FORBRIGWell, here in Germany I think there is a lot of caution when it comes to the supplier of military equipment to Ukraine. We've just been through a fairly tough discussion on military supplies to the Peshmerga in response of the Islamic State threat. And any such decision is not just a decision by the government here but it's subject to parliamentary approval. So this is nothing that will happen very quickly. It will be going through a fairly harsh debate in this country. But depending also on Russia's actions from here on, I would certainly not rule it out.
FORBRIGThat said, Germany has throughout the crisis placed a lot of emphasis on negotiations, on the political solution to the crisis. But when none of that came to fruition, German was one of the countries that sort of shifted positions and decided very strongly that it was time for economic measures, punitive sanctions against Russia. And I think tomorrow we will see a next round of sanctions imposed on Russia by the European Council. And that, I think, is a fairly strong statement by the European Union. Beyond that, military aid will be a much tougher question to debate and decide back here in Europe, and especially here in Germany.
GJELTENLet me ask you, Joerg, about the position of the French government. You're going to represent all of Europe here for us today on this panel. The French government has announced that it will delay the delivery of a couple of warships to Russia that it has contracted to build for Russia. How serious is that move and is it sufficient to satisfy those who have been calling for a total reconsideration of this agreement between France and Russia?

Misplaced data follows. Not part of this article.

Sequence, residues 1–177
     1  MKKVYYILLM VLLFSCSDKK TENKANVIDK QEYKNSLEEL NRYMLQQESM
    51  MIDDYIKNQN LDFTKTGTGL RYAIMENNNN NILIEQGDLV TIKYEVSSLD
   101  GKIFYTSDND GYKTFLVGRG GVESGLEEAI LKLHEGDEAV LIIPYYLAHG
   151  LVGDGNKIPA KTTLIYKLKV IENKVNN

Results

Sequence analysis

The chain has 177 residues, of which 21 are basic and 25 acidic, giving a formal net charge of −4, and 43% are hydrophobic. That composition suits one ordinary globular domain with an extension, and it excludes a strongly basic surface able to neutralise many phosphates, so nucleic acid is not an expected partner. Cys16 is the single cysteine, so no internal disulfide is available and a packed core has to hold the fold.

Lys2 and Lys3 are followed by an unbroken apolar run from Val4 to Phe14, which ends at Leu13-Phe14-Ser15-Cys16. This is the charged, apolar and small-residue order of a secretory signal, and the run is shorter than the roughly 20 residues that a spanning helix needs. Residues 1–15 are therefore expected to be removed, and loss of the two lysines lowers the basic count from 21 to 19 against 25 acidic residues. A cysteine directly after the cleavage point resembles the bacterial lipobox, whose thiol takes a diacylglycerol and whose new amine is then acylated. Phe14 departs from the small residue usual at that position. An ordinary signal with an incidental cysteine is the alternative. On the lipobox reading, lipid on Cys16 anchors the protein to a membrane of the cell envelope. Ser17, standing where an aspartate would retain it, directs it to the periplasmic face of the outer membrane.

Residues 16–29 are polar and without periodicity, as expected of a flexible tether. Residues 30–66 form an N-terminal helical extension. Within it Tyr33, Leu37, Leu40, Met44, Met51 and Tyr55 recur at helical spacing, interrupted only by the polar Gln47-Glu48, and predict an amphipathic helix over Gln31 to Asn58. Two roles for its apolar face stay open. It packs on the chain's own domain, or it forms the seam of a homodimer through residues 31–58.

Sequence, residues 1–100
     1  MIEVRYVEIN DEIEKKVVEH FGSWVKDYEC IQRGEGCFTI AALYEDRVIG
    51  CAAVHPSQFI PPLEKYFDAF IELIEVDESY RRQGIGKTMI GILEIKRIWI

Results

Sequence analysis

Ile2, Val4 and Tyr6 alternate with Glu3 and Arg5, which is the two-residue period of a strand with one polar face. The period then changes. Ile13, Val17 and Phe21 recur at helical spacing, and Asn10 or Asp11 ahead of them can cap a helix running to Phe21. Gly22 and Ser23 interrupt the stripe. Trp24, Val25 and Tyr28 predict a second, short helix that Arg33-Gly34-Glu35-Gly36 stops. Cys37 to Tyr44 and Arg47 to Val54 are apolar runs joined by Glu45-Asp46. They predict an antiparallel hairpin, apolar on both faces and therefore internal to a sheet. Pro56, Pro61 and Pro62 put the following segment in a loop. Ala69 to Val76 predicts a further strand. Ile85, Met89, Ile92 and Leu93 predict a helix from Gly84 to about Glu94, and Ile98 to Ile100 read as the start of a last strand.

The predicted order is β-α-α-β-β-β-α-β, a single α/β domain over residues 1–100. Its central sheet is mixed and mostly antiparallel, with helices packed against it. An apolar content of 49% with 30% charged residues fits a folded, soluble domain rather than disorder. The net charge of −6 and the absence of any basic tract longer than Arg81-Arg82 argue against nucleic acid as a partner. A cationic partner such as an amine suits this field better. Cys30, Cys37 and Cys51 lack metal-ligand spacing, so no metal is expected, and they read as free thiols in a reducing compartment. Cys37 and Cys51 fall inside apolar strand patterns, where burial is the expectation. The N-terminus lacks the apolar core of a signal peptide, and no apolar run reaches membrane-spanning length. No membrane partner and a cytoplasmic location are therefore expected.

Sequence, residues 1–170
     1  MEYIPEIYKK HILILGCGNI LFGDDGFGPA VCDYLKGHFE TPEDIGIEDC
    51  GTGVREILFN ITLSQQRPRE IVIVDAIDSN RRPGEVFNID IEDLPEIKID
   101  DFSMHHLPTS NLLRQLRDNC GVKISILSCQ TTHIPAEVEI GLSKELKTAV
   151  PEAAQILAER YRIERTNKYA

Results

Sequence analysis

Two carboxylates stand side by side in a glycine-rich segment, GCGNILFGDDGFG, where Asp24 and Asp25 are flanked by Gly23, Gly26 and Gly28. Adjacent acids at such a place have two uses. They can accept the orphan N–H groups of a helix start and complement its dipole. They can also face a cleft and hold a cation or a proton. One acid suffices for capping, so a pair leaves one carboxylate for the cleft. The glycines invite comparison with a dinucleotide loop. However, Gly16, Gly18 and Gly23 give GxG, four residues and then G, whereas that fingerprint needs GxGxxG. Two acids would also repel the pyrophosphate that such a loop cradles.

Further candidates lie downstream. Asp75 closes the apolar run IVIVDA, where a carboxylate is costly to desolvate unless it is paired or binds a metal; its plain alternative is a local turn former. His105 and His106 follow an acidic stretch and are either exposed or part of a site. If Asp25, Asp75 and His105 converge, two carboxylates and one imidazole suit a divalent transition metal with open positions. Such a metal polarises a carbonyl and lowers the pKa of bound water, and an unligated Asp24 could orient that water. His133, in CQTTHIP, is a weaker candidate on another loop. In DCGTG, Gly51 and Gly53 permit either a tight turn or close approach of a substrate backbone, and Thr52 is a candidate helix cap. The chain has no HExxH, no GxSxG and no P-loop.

FORBRIGWell, I think first of all, this decision is highly symbolic. I think it indicates that within Europe we have long had splits in opinion about what kind of measures should be taken, what kind of costs individual countries are ready to bear by imposing sanctions on Russia. I think this move by the French president does indicate that the scales have been tipping in the last couple of weeks.
FORBRIGObviously it's a temporary suspension and it will depend on Russia, what's -- how, sort of, it behaves from here on and whether there's any chance for this deal eventually to be honored by the French government. But for the time being, I don't see any indication that France could be going through with this arms deal any time soon. At the moment, the window of time that's been given by the French government until November, but I'm fairly sure that if Russia continues its escalation and if it doesn't take any serious measures for resolving this crisis, then France will be hard pushed to suspend this deal even further.
GJELTENOkay. Joerg Forbrig is Transatlantic fellow with the German Marshall Fund. He's just joined us by phone from Berlin. Joerg, thank you very much for your contribution.
GJELTENSo Andrew Weiss, we've been talking here about some pretty tough actions. The idea of providing lethal military equipment to the Ukrainian government, that's certainly one route that can be taken. On the other hand, there is a kind of diplomatic track that is underway right now. President of Russia Vladimir Putin and the president of Ukraine, President Poroshenko actually had a conversation about this yesterday. Where does that diplomatic activity stand right now?